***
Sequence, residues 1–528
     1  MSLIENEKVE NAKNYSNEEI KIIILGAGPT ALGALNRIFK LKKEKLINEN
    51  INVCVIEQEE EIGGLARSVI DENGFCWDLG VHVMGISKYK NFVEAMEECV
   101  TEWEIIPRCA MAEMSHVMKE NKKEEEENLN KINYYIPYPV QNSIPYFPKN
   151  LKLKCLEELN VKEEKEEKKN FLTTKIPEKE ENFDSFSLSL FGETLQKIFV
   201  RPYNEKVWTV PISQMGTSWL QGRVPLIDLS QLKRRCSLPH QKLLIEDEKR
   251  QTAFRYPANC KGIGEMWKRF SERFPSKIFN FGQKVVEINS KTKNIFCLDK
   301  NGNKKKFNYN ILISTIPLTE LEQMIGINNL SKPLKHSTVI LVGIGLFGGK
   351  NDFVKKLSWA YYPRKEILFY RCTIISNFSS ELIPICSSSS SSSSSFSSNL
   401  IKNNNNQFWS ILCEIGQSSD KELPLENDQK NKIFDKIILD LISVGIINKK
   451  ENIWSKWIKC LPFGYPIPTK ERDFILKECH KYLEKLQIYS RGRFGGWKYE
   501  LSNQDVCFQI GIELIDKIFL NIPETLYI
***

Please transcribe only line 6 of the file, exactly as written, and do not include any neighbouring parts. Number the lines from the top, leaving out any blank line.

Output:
   201  RPYNEKVWTV PISQMGTSWL QGRVPLIDLS QLKRRCSLPH QKLLIEDEKR